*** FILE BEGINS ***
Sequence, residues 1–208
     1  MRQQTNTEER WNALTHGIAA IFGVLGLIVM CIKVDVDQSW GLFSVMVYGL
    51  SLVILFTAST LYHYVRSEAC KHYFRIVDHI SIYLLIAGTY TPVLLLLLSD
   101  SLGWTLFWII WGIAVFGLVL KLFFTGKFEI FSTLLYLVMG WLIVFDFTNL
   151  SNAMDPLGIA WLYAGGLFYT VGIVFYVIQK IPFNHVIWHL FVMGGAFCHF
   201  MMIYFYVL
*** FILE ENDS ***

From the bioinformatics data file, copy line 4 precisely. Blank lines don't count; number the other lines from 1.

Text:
   101  SLGWTLFWII WGIAVFGLVL KLFFTGKFEI FSTLLYLVMG WLIVFDFTNL